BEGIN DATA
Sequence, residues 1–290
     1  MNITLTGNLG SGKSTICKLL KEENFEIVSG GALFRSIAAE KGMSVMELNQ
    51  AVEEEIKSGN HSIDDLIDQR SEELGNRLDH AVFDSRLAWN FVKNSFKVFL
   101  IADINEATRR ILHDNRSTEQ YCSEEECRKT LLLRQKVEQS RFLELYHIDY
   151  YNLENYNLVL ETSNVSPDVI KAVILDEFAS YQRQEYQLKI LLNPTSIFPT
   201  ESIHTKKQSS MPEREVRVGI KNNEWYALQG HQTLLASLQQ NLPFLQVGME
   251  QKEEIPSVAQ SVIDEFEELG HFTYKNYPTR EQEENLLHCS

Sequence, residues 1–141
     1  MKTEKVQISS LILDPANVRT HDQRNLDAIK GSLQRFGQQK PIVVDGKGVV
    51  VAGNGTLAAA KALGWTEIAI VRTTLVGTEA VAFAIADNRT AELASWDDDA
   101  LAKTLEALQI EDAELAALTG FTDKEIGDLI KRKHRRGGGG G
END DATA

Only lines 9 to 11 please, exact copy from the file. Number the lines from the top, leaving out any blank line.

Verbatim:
     1  MKTEKVQISS LILDPANVRT HDQRNLDAIK GSLQRFGQQK PIVVDGKGVV
    51  VAGNGTLAAA KALGWTEIAI VRTTLVGTEA VAFAIADNRT AELASWDDDA
   101  LAKTLEALQI EDAELAALTG FTDKEIGDLI KRKHRRGGGG G